In a March 29, 1985, letter to President Ronald Reagan, which included NCUA’s 1984 annual report, The NCUA Chairman singled out the accomplishments of the Central Liquidity Facility.
“The central bank for credit unions was voluntarily capitalized,” the Chairman said. “Now every credit union has access to a government-managed lender particularly sensitive to its needs and prepared to meet any unexpected liquidity crisis.”
The first item in the report’s highlights describes how this happened: “NCUA Central Liquidity Facility is fully capitalized under a history-making agreement between the CLF and U.S. Central. More than 18,000 natural person credit unions now belong to the CLF either directly or through the corporate credit union system and have access to a permanent source of backup liquidity.”
Fully Capitalized, But Non Operational
The CLF is still fully capitalized today. According to the Dec. 31, 2011, annual audit, credit unions have $2.060 billion in capital in the CLF. That amount exceeds the entire natural person credit union investment in the corporate network by almost $500 million. Yet, there are no members, no corporate distribution system, and no information about how the facility is supposed to function. Its credit union-owned capital and $26 million in retained earnings are up for grabs (2011 CLF annual audit, page 4. Page numbers reference the specifc page of the audit, not the pdf document).
Moreover, the corporate agents play, at best, a partial role today compared to 1984. In the December 2011 call report filings, 1,678 credit unions reported no paid-in or membership capital shares in a corporate. These credit unions comprise 23% of the system and are responsible for 39% of the industry’s total assets.
25 Years Of A Cooperatively Designed Solution Gone
Today’s $2.0 billion in capital is the result of credit unions voluntarily subscribing to the CLF. As described in the CLF’s 1984 annual report, the CLF was designed as a partnership between the fund and the corporate credit union network. Each natural person credit union contributed membership capital to their corporate credit union. The corporate, in turn, sent a membership capital contribution to U.S. Central, whose authority as the membership agent for all corporates not already members of the CLF was accepted on Oct. 4, 1983. U.S. Central sent this contribution — which totaled one-quarter of 1% of natural person credit unions’ shares — to the CLF as funding. The funding enabled the CLF to draw upon its full borrowing authority and gave 100% of credit unions access. (Click here for a history of the CLF.)
This design ensured the CLF could support itself and not have to build an expensive infrastructure, like the Federal Home Loan Bank system, to reach its members. The CLF’s capital came from credit unions, not government funds.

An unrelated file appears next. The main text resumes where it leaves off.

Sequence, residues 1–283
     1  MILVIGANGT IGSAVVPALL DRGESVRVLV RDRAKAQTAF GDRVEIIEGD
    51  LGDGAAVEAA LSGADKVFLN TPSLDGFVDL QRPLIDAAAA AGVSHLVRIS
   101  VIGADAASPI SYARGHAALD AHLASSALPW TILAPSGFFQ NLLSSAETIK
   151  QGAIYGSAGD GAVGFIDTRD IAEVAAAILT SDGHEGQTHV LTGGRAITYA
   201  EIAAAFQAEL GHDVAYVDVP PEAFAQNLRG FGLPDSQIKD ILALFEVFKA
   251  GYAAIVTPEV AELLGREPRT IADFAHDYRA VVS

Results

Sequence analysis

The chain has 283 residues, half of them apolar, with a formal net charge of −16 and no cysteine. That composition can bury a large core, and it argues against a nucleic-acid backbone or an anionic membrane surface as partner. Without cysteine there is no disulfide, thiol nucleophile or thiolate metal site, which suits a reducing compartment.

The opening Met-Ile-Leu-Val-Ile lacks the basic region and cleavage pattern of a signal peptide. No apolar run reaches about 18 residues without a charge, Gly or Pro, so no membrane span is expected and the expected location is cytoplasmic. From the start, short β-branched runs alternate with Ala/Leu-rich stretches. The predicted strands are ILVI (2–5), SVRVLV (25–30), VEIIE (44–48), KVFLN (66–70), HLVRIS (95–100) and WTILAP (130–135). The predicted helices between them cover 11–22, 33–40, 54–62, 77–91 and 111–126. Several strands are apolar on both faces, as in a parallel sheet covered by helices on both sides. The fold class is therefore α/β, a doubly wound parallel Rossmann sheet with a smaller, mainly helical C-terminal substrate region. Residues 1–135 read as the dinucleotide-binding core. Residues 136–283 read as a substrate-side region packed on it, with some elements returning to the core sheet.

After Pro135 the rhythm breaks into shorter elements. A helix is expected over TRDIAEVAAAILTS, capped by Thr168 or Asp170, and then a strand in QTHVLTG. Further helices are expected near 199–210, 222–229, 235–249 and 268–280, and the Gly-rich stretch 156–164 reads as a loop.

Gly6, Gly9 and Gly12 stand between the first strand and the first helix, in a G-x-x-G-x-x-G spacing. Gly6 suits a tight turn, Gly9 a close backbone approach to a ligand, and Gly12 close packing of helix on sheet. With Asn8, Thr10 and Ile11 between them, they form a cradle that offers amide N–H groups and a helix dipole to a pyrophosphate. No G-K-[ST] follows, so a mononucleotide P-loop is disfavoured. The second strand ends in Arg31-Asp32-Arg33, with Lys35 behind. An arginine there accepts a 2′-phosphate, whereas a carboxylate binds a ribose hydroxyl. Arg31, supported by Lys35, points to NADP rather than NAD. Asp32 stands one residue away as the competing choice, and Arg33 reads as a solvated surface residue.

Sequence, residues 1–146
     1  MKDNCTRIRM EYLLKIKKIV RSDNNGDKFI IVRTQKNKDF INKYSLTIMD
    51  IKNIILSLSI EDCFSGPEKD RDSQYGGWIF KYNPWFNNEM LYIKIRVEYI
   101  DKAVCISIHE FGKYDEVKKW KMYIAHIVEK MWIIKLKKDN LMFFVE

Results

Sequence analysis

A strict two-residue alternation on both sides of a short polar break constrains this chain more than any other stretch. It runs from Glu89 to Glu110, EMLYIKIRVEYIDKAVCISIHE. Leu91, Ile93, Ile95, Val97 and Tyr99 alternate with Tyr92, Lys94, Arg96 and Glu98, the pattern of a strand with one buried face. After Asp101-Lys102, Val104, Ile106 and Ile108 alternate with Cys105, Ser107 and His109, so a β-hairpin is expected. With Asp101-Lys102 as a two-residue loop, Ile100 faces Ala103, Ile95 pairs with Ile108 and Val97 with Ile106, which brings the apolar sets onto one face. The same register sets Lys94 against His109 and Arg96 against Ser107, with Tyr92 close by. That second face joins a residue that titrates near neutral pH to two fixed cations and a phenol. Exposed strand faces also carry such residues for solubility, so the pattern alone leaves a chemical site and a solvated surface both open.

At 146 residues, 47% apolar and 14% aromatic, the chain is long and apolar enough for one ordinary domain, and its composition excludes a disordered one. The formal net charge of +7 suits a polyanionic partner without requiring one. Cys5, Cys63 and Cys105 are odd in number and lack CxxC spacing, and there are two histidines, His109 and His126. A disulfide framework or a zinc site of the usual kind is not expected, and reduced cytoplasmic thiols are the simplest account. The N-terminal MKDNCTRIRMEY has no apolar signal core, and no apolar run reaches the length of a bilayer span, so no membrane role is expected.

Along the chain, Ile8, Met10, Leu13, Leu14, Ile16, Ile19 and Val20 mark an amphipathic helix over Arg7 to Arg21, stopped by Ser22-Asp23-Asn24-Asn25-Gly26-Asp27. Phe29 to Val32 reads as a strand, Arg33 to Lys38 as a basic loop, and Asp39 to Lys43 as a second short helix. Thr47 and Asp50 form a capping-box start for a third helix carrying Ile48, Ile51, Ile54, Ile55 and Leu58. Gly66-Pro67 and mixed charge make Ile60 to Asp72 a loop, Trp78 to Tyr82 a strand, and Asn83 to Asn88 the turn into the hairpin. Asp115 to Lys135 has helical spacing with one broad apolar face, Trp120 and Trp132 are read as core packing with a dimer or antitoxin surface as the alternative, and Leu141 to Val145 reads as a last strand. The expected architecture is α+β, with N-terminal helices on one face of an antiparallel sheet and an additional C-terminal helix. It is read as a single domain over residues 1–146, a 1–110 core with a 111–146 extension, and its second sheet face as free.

The CLF stock subscription has always been voluntary, never mandatory, and according to NCUA 2011 annual audit, the capital stock is “redeemable upon demand by the members,” (2011 CLF annual audit, page 14, footnote 8). However, since NCUA conserved U.S. Central in 2009, it is unclear if credit unions still have the ability to redeem their capital.
Changing The Cooperative Agreement Without Consultation
U.S. Central managed this cooperative solution on behalf of the corporate network, and the NCUA board reaffirmed the solution annually until 2009. In 2009, NCUA unilaterally changed the terms of the 25-year funding arrangement between U.S. Central and the corporate system. The CLF’s independent auditor, Deloitte, issued its opinion as of December 2008, stating the CLF was insolvent due to the failure of U.S. Central. The auditor understood the CLF’s capital was a portion of the membership capital shares that were extinguished by NCUA’s OTTI loss provisions for U.S. Central’s investments.
That 2008 opinion, released June 10, 2010, more than 18 months after December 2008, would have meant the CLF capital was gone and the CLF’s borrowing authority non-existent, so NCUA changed auditors. The new auditor, KPMG, reversed that finding in the 2009 annual audit, which restored CLF’s solvency and its credit union capital in “conformity with U.S. generally accepted accounting principles,” (NCUA 2009 annual audit, page 1).
In the past two years, NCUA has transferred $258 million from U.S. Central’s books ($139 million in 2010 and $119 million in 2011) to the CLF’s capital account. “Subscriptions are adjusted annually to reflect changes in the member credit unions’ paid-in and unimpaired capital and surplus,” (2011 CLF annual audit, page 14, footnote 9). U.S. Central is supposedly insolvent, yet NCUA does not explain from what U.S. Central account it transferred these funds. And as NCUA never notified or consulted the members of U.S. Central or credit unions about this transfer, they could not provide authority for the transfer.
In the 2011 CLF annual audit (page 15, footnote 9), NCUA states the five bridge corporates chartered by U.S. Central were “chartered private enterprises to purchase selected assets, including CLF capital stock held by USC.” But why would corporates have to purchase stock in the already-funded CLF?
A Series Of NCUA Intentions
Since 2009, NCUA has issued a series of statements indicating the CLF’s future was always a part of its plan for the corporate network.
NCUA plans to discuss the future of the emergency loan fund with credit union groups over the coming months before determining a new ownership structure, said CLF President Owen Cole during an August 2009 webinar (Credit Union Journal, Aug. 11, 2009).
The NCUA board will consider a proposal in the “near future,” said John McKechnie, NCUA director of public and congressional affairs (Credit Union Times, Aug. 12, 2009).
CLF has a plan for the transfer of ownership of the capital stock to member credit unions when USC Bridge ultimately winds down (NCUA 2010 annual audit, footnote 7). No such plan has been published.